Published on Wed. July 15th in Independent Science News
Written by Jonathan Latham, PhD and Allison Wilson, PhD
Synopsis: SARS-CoV-2, the virus responsible for the current pandemic, is in many ways an enigma to virologists. First, the virus enters human cells using a viral spike protein that is a tremendous fit for its human receptor (a protein called ACE2). This close fit allows the virus to spread very efficiently between people but such precision cannot plausibly have arisen by chance. Thus the virus appears to have evolved in the presence of that human receptor. Furthermore, the virus has a region on its spike protein called a furin site. This furin site allows the virus to access multiple cell types, making it able to infect and spread through lungs and other tissue types. The furin site is thus key to making SARS-CoV-2 a powerful pathogen. Since none of the closest known virus relatives of SARS-CoV-2 have a furin site, where did it come from? Third, any virus that recently jumped to humans from bats (or any other species) should undergo a period of rapid adapation to its new host. This is what happened when the coronaviruses SARS and MERS jumped to humans. Yet since the pandemic began, SARS-CoV-2 mutations have arisen but the virus has hardly evolved (in an adaptive sense) at all. Current zoonotic origin theories for SARS-CoV-2 have no satisfactory explanation for any of these evolutionary puzzles. Indeed, recent studies have made natural zoonotic origin hypotheses even less viable. For example, the Chinese CDC has ruled out Wuhan’s live market as the epidemic’s origin.
In our search for the origins of the pandemic we focussed on the nearest genetic relative of SARS-CoV-2, a bat coronavirus called RaTG13. This virus was obtained during 2012 and 2013 virus collecting trips to a mine where, shortly before, six miners had developed a mystery illness while shoveling bat feces. To learn more, we arranged the translation of a neglected Chinese Master’s thesis that documented the symptoms and hospital treatment of these miners. This thesis contains many surprises. Foremost, the miners were diagnosed as having coronavirus infections, and second, their symptoms are now recognisable as those of classic COVID-19. This and other information in the thesis caused us to rethink everything we thought we knew about the origins of the pandemic. In A Proposed Origin for SARS-CoV-2 and the COVID-19 Pandemic, we set out what we call the Mojiang Miners Passaging hypothesis. The theory proposes (1) that the miners acquired a coronavirus from the bats in the mine and (2) that this bat virus evolved extensively inside their bodies to become a highly human-adapted virus. This evolution occurred during a hospitalisation period that, for some of them, lasted many months. From the thesis we also know that blood and other samples were extracted from the miners and some of these were sent to the Wuhan Institute of Virology (WIV). We suggest that these samples contained highly human-adapted viruses and were used at the WIV for research. During this research the virus escaped, initiating the 2019 COVID-19 pandemic.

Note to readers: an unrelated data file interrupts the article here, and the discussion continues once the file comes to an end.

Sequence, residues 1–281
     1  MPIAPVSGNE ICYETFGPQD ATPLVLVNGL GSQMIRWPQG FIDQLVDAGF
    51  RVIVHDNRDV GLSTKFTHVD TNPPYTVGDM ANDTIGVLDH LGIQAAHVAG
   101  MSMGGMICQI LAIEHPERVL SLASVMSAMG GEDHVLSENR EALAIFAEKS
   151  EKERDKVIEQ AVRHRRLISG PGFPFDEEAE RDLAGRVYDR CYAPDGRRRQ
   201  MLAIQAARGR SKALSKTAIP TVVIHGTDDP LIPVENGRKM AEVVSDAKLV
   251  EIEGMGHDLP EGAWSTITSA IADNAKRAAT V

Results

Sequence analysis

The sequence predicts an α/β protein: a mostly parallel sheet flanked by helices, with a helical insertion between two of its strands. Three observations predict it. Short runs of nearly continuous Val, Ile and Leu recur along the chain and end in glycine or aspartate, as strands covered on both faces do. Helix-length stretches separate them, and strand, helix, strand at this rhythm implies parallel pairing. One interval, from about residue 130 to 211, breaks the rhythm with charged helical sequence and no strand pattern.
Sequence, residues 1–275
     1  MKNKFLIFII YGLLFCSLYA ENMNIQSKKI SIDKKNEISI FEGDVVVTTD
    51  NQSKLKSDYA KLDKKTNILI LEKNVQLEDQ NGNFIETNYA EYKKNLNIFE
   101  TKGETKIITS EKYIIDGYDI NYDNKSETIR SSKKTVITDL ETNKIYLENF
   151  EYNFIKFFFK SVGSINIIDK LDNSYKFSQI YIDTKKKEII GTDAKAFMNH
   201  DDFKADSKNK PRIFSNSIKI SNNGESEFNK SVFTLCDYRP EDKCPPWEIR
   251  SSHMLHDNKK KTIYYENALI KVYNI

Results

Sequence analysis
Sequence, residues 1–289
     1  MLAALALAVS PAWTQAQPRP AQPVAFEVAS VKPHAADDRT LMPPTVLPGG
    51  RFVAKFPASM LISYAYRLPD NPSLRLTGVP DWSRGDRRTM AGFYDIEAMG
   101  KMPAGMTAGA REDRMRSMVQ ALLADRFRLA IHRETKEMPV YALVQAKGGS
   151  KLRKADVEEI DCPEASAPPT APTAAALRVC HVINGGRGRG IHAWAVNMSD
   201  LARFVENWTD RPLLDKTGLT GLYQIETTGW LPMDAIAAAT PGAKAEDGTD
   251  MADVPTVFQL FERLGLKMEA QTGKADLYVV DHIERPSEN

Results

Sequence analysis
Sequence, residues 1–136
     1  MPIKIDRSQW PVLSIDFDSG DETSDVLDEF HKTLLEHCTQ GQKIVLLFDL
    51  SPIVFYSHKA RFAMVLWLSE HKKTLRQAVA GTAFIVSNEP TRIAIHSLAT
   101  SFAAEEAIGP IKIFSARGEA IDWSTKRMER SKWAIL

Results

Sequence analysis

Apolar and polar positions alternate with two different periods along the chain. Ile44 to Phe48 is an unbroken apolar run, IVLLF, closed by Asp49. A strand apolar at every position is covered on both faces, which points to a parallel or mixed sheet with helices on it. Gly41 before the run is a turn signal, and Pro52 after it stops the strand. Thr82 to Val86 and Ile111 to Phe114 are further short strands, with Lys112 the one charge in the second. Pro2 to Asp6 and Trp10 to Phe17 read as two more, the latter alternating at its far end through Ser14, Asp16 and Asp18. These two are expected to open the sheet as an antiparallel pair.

As we show, the theory solves the currently mysterious evolutionary and biological features of SARS-CoV-2 as well as explaining its eventual appearance in Wuhan. It also explains subsequent attempts to obscure the deaths of the miners and the Mojiang mine origin of RATG13.
To listen to the entire paper read out, you can go to Talking Papers: https://soundcloud.com/talkingpapers/proposed-origin-for-sarscov2